What is shortage of work?
Shortage of work is a legal and legitimate reason for termination of employment under the provisions of the Employment Protection Act (LAS). Shortage of work may be due to financial reasons, for example insufficient undergraduate or research grants. It may also be a result of an employer’s decision to reorganise or reallocate resources, for example by closing down a certain department or winding down certain activities. Such reorganisation or reallocation may occur for reasons other than a lack of financial resources.
Shortage of work does not necessarily have to be because there is not actually enough work to do. It can also be due to the employer wanting to organise work in a different way. The key thing to bear in mind is that the reason for the termination is not directly related to the employee personally.
Priority rules for employees during redundancy due to shortage of work
If it becomes necessary to make employees redundant due to shortage of work, the agency/higher education institution is to establish a priority or seniority list. This means that the employer must identify those employees at risk of redundancy and, in negotiation with the trade union, create a priority list in accordance with the provisions of the collective agreement and the Employment Protection Act. According to the TurA-S central collective agreement, each of these groups must include employees at the higher education institution who have working tasks which are “essentially comparable” with the tasks to which the shortage of work refers. The concept of “essentially comparable tasks” is to be interpreted broadly. The decisive factor when forming these priority groupings is the actual tasks performed by the employee, not the employee’s job title.
The employee’s total employment time with state employers, including employment with other state agencies, then determines the employee’s place on the seniority list. Employees with longer periods of employment have priority claims to continued employment over those with shorter periods of employment. Where employees have equal periods of employment, higher age gives priority to continued employment.
From 1 October 2022, an employer in the state sector may also exempt a maximum of three employees from the order of priority if the employer deems those employees to be of particular importance to its operations. Such a decision cannot be challenged legally, other than in cases of discrimination according to the Discrimination Act or equivalent. The employer may only make such an exception once in a six-month period, regardless of whether one, two or three employees were exempted. In such cases, the employer is defined as the entire higher education institution and not, for example, an individual department.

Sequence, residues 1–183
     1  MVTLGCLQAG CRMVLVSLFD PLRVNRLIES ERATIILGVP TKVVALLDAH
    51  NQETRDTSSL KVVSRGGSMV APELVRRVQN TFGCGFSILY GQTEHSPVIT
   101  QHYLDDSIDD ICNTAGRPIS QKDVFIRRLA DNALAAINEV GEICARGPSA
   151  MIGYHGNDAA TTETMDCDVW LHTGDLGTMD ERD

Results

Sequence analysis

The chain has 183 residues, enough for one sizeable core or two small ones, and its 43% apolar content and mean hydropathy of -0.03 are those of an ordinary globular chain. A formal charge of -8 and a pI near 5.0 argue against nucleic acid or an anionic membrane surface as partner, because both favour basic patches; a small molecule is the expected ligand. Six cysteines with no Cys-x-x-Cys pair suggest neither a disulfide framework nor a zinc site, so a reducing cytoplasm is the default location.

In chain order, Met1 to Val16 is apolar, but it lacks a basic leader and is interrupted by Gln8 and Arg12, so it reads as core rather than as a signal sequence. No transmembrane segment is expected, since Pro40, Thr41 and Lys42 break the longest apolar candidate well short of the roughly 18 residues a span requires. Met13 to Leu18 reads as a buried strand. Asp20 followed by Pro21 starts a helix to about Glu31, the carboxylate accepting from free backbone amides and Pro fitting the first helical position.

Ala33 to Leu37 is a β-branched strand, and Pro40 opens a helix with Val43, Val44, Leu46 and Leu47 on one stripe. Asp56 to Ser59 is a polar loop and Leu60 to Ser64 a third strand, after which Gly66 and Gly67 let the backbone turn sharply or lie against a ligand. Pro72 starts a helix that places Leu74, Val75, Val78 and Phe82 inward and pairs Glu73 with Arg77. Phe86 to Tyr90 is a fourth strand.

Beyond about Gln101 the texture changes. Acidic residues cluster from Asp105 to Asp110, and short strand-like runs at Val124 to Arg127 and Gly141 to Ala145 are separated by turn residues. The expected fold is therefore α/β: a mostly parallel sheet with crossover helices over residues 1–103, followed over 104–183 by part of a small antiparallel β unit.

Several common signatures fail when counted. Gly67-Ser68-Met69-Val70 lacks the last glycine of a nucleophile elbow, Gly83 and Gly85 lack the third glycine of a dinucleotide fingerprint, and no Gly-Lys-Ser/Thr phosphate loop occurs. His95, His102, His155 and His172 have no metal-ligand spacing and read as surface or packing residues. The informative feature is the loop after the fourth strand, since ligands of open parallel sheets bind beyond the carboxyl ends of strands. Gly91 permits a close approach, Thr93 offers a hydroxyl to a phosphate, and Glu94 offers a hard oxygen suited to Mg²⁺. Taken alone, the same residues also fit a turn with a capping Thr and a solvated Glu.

In the private sector, the rules regarding priority or seniority lists specified in Section 22 of the Employment Protection Act (LAS) apply. There may also be additional rules governing priority in central collective agreements, such as those in the Arbetsgivaralliansen (Employers’ Alliance) Sector and Salary Agreement for Higher Education. The Act states that priority lists are to be drawn up according to operational unit, collective agreement area and location.
Unless otherwise agreed in a collective agreement, from 1 October, 2022, Section 22 of the Act stipulates that, regardless of the number of employees, the employer has the right to exempt from the priority list a maximum of three employees who it deems to be of particular importance to continued operations. Such a decision cannot be challenged legally, other than in cases of discrimination according to the Discrimination Act or equivalent. If the employer has made such an exception, no new exceptions may be made in the event of a termination that takes place within the following three months. This applies regardless of whether the employer previously exempted one, two or three employees.
There are no legal and legitimate grounds for shortage of work if it is reasonable to require the employer to offer the employee another position within the organisation. This means that the employer must thoroughly investigate the possibility of redeploying the employee before redundancy is permitted. At state sector higher education institutions, the redeployment requirement applies across the entire range of the institution’s activities, even if it has more than one site. In the private sector, the redeployment requirement applies across the employer’s entire operations.
A prerequisite for redeployment is that the employee has sufficient qualifications for the position to which they are to be redeployed. The basis for assessing whether someone has sufficient qualifications is the eligibility requirements set out in the Higher Education Ordinance and other relevant regulations, e.g. the collective agreement. Being sufficiently qualified does not mean that the person needs to be the most qualified candidate for the position in question; it is enough to have sufficient qualifications. An employee is considered to be sufficiently qualified even if they need a normal learning period of up to around 6 months to be able to perform the new tasks.